Murray Cod (2018)
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Murray Cod is the largest solely freshwater fish in Australia. It occurs throughout most of the Murray–Darling system. Stock status is depleted in the ACT and SA, and undefined in NSW, QLD and VIC.
Stock Status Overview
|Victoria||Victoria||Undefined||Historical fishery catch, fishery-independent surveys, recreational fishing surveys|
Murray Cod is the largest solely freshwater fish in Australia. It occurs throughout most of the Murray–Darling system, except for the upper reaches of some tributaries in Victoria, the Australian Capital Territory and southern New South Wales. Investigation of the genetic structure in the Murray–Darling Basin has demonstrated that there is one large genetically panmictic biological stock throughout most of its distribution [Rourke et al. 2011]. However, genetically distinct populations have been identified in the more isolated Lachlan, Macquarie and Gwydir catchments [Rourke et al. 2011]. This separation appears to be the result of restricted gene flow due to the isolated nature of these catchments [Rourke et al. 2011]. Although genetic studies suggest the existence of one biological stock, there are differences in management arrangements and available information in the various jurisdictions.
Here, assessment of stock status is presented at the jurisdictional level—Australian Capital Territory, Queensland, New South Wales, Victoria and South Australia.
In Victoria, Murray Cod numbers are considered to be much lower than pre-European levels [Cadwallader and Gooley 1984]. During the 19th century Murray Cod were considered abundant in the Loddon, Campaspe and Goulburn Rivers [Wilson 1857]. However, by the middle of the 20th century, populations of Murray Cod had declined in these rivers [Cadwallader 1977]. In Victoria, commercial catches were highest between 1954–55 and 1960–61, at approximately 10–15 t per year but reduced to approximately 1.5 t per year on average over the next 10 years and were negligible thereafter [Ingram and De Silva 2004]. Management actions such as the prohibition of commercial netting post 1999, introduction of strict recreational bag and size limits, restrictions on fishing methods such as set lines and considerable hatchery stocking have likely resulted in the recovery observed in some populations by the 1990s. However, no consistent, long-term estimates of harvest by anglers or population abundances have been recorded for Victoria.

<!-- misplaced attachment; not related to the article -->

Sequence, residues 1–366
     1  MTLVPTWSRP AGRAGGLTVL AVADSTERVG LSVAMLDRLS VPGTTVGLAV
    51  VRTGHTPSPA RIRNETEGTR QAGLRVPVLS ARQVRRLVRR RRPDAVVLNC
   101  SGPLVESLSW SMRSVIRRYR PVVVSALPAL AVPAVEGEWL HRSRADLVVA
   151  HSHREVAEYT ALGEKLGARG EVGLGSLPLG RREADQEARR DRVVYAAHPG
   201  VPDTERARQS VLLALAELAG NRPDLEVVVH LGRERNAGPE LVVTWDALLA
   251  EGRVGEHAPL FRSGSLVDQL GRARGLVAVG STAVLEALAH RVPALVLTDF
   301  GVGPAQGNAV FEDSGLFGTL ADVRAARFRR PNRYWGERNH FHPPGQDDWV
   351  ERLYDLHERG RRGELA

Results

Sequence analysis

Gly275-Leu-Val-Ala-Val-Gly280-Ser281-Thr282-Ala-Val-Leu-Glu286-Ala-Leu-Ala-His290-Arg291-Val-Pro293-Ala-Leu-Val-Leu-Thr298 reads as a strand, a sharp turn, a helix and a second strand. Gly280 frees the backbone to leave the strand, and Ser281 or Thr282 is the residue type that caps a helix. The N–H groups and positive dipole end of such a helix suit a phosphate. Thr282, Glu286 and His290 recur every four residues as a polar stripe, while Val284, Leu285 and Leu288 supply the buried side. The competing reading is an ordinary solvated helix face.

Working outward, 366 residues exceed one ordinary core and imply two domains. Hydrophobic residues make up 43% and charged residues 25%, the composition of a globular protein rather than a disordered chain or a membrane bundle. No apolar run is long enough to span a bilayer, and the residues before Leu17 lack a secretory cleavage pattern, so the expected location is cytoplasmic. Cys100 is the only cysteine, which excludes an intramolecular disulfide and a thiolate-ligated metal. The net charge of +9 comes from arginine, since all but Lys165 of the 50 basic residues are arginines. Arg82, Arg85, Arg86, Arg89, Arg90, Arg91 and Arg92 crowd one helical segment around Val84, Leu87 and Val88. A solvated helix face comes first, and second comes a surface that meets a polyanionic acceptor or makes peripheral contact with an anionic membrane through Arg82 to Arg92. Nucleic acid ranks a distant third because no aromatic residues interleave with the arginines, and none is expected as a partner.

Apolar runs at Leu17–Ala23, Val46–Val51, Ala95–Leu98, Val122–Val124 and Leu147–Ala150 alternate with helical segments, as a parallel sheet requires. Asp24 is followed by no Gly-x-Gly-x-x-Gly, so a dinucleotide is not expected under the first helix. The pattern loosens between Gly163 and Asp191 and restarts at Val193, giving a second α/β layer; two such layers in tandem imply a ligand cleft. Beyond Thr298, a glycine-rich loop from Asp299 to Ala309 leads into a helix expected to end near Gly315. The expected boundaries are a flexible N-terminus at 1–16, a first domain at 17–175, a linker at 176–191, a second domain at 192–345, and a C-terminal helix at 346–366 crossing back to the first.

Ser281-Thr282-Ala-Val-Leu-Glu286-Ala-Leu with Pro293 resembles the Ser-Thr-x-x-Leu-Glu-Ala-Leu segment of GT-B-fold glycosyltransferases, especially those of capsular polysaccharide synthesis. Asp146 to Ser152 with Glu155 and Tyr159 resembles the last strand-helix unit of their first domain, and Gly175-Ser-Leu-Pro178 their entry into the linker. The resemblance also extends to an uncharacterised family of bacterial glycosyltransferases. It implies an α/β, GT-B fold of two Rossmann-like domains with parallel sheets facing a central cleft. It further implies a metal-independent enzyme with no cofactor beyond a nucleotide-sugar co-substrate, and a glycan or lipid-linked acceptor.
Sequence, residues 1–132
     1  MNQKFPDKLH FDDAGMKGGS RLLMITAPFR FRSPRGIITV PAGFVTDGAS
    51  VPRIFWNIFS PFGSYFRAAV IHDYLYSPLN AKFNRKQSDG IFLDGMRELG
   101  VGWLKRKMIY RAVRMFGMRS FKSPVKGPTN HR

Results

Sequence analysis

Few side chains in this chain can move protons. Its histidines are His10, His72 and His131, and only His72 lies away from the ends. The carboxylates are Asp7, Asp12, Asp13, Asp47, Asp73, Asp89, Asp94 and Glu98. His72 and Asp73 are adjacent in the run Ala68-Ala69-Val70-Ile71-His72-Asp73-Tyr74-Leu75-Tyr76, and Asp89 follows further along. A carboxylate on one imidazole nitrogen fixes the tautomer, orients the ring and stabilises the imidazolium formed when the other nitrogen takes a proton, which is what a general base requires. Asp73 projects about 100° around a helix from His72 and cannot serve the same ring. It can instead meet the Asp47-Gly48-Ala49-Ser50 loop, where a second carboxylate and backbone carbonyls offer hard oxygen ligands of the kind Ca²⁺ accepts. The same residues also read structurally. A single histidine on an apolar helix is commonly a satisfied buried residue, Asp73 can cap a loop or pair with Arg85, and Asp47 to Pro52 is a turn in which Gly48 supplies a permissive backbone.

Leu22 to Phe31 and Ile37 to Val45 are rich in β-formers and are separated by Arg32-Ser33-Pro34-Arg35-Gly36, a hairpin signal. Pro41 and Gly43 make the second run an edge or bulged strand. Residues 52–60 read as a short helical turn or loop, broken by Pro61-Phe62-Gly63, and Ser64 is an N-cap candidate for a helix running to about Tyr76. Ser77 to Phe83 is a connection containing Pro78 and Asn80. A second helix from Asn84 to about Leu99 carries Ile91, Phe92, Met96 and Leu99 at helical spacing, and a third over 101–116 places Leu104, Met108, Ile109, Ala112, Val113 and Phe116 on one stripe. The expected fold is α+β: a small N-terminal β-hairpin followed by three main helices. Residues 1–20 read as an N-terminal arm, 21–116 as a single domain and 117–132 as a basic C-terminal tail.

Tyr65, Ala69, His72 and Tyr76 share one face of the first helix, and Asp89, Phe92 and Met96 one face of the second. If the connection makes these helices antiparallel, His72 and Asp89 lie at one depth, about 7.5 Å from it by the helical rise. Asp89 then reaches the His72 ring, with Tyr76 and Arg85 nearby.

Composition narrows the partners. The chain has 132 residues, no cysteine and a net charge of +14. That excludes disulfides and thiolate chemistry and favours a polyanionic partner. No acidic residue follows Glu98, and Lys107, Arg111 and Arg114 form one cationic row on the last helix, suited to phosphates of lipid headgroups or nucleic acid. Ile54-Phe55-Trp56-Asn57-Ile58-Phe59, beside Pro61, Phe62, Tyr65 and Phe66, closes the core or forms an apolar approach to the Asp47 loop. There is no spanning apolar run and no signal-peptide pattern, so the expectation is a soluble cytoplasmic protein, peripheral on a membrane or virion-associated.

Hatchery-reared Murray Cod have been stocked in Victoria since 1979 and anecdotal information suggests that recreational catch has significantly increased in waters where stocking has occurred. For example, in the Nagambie Lakes anglers commonly catch Murray Cod, suggesting the fish stocking program is making a significant contribution since its commencement in 2009. This contribution is likely to increase as more fish recruit into the fishery [Hunt and Giri 2015]. In 2016–17, approximately 1 147 000 Murray Cod were stocked into 38 waterways across Victoria and the number is expected to increase in coming years as part of a government initiative (Target One Million) to grow recreational fishing in the State [Victorian Fisheries Authority 2017]. Surveys in 2014 of some stocked waters indicated that the contribution of Murray Cod from stocking was highly variable (11–100 per cent) [Ingram and De Silva 2004]. Other surveys, such as the Murray‒Darling Basin Authority Sustainable Rivers Audit [Davies et al. 2008], indicate that fish biomass appears to have increased in some catchments (Ovens, Goulburn and Loddon Rivers) and declined in others (Broken and Kiewa Rivers) [Davies et al. 2012].